The Coalition’s Programme for Government saw the good, the bad, and the ugly of the Tory and Lib Dem manifesto pledges on international development.
The Coalition’s Programme for Government saw the good, the bad, and the ugly of the Tory and Lib Dem manifesto pledges on international development. First the good; the Coalition are to continue much of the good work achieved under Labour, keeping the Department for International Development (DfID) as an independent department with cabinet representation, pledging to continue our international leadership in this area, continue debt relief, and sustaining action on the MDGs, including a continued focus on womens’ rights and tackling maternal mortality.
The commitment to spend 0.7 per cent of Gross National Income on overseas aid from 2013 and to enshrine this commitment in law (as Labour had pledged to do) is welcome – although there are concerns around the detail of this, as discussed below.
Furthermore, there is a welcome pledge to make the UK Trade and Investment and the Export Credits Guarantee Department become champions for British companies that develop and export innovative green technologies around the world, instead of supporting investment in dirty fossil-fuel energy production, as campaigned for by People & Planet.
However, whilst these commitments are encouraging, the same question marks that hung over the Conservatives’ manifesto hang over this programme, whilst there is a worrying absence of some highly progressive Liberal Democrat policies. As Left Foot Forward has previously outlined, there are concerns in the NGO community toward the Tories’ proposals to give the British public a vote in how UK aid is spent. The details of how this would work need to be outlined – as any such scheme should certainly not be at the expense of ensuring people in poor countries are in charge of their own development.
On climate change, the lack of any mention of climate finance is deeply worrying. The Conservatives have still refused to guarantee that any aid to help developing impacted by climate change would not be taken from the existing aid budget – whilst the Lib Dems are silent on a clear commitment they made in their manifesto (page 63) to ensure that “adaptation and mitigation measures are financed by industrialised nations on top of existing aid commitments”.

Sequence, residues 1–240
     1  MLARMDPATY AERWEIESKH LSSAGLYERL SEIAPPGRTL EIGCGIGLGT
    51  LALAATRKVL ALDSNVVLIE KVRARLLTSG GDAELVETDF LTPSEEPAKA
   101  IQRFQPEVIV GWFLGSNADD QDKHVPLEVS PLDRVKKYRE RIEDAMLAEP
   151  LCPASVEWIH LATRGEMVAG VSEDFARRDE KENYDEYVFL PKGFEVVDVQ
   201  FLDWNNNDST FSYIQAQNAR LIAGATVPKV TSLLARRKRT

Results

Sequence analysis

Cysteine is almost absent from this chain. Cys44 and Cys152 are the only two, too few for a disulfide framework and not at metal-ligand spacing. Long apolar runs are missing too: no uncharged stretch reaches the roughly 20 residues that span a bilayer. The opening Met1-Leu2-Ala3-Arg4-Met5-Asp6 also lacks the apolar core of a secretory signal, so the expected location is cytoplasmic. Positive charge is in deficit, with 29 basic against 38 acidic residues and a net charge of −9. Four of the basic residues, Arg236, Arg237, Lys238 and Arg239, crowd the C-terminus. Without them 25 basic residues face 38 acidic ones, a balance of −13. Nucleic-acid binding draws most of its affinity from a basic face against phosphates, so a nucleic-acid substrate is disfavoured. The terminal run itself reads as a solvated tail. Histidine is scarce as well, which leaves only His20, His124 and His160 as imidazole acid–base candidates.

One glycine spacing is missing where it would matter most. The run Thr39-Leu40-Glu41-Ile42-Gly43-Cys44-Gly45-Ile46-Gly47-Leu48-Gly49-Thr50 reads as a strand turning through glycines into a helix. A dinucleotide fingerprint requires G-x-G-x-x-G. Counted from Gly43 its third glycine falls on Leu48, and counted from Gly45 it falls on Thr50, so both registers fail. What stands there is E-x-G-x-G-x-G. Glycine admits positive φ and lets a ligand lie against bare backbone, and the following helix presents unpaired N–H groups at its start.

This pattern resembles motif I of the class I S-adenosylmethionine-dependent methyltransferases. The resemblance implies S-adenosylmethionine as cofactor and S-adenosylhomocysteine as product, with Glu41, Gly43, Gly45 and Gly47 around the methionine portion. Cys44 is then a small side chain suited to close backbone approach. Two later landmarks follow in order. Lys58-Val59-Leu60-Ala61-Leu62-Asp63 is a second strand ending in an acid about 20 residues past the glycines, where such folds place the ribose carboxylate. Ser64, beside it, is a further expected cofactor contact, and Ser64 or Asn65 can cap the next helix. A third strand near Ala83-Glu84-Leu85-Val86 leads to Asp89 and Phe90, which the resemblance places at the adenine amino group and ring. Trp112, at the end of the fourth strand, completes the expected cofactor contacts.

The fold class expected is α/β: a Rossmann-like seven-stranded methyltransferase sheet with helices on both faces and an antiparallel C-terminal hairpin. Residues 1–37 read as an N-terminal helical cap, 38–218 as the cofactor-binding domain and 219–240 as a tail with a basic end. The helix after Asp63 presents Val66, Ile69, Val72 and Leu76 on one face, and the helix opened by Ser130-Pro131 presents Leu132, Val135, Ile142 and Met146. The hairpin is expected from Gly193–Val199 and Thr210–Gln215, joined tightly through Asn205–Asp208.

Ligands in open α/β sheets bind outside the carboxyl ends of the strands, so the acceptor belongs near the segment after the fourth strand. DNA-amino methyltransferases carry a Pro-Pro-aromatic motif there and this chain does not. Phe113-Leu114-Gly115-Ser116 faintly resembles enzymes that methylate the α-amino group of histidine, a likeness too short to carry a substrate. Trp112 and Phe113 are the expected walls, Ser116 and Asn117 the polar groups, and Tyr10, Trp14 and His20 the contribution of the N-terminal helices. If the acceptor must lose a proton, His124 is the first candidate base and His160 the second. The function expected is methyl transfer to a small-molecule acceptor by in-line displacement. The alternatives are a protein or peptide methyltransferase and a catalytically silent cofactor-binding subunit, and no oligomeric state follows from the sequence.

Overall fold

On the Robin Hood tax, the promise to tax banks is welcome but is far from the blueprint championed by the Robin Hood Tax campaign or the Lib Dems’ own pledge (page 62) to “bring forward urgent proposals for a financial transaction tax.”
And then there is the ugly. As Left Foot Forward reported on Tuesday, there is a worry that the promise to spend 0.7 per cent of GNI on aid will watered down through creative accounting.
The pledge to “stick to the rules laid down by the OECD about what spending counts as aid” is disingenuous – many NGOs are critical of the OECD’s laws, with organisations such as Aid Watch arguing that many EU Governments count non-aid items as aid in order to inflate their official aid figures. Out of the €50bn (£42bn) officially provided in aid by EU governments, €5bn (£4.2bn) is debt cancellation, €2bn (£1.7bn) are student costs and almost €1bn (£845m) are refugee costs.
Under Labour, 88 per cent of UK aid was spent though DFID. The Labour Campaign for International Development have written to the Chief Secretary of the Treasury to seek his assurance that the Foreign Office, Ministry of Defence and Home Office are not currently being asked to scrutinise their budgets for items that could be classified as Overseas Development Aid; furthermore, the Conservative manifesto (page 117) specifically pledged to “legislate in the first session of a new Parliament” to enshrine 0.7% in law and yet it was missing from the Queen’s Speech.
On Tuesday, aid campaigner Bono had said:
“The UK’s bipartisan commitment to development, and near fulfilment of its promise, stand out as achievements in these hard times.”
He’s right, but we must be cautious. Much of what is good in this Coalition programme is a continuation of what the last Labour government had already established. The Lib Dems going missing in action is a missed opportunity for some genuinely progressive policies. Many of the new Tory proposals are questionable; and the biggest question of all is whether Britain will meet its promises to the poorest or pull an accountancy trick through rebranding money from other departments as aid.